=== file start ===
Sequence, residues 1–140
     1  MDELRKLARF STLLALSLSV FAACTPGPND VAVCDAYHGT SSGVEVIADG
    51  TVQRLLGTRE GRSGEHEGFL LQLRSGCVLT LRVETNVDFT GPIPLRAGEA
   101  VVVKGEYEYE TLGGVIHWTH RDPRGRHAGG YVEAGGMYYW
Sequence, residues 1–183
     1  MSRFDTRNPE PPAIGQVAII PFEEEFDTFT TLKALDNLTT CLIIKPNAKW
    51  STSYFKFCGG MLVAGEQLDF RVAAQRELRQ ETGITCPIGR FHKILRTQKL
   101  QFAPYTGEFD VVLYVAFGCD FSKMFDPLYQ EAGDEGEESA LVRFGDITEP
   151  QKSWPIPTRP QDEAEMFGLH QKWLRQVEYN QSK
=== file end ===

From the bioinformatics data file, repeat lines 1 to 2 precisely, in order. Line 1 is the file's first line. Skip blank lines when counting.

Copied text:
Sequence, residues 1–140
     1  MDELRKLARF STLLALSLSV FAACTPGPND VAVCDAYHGT SSGVEVIADG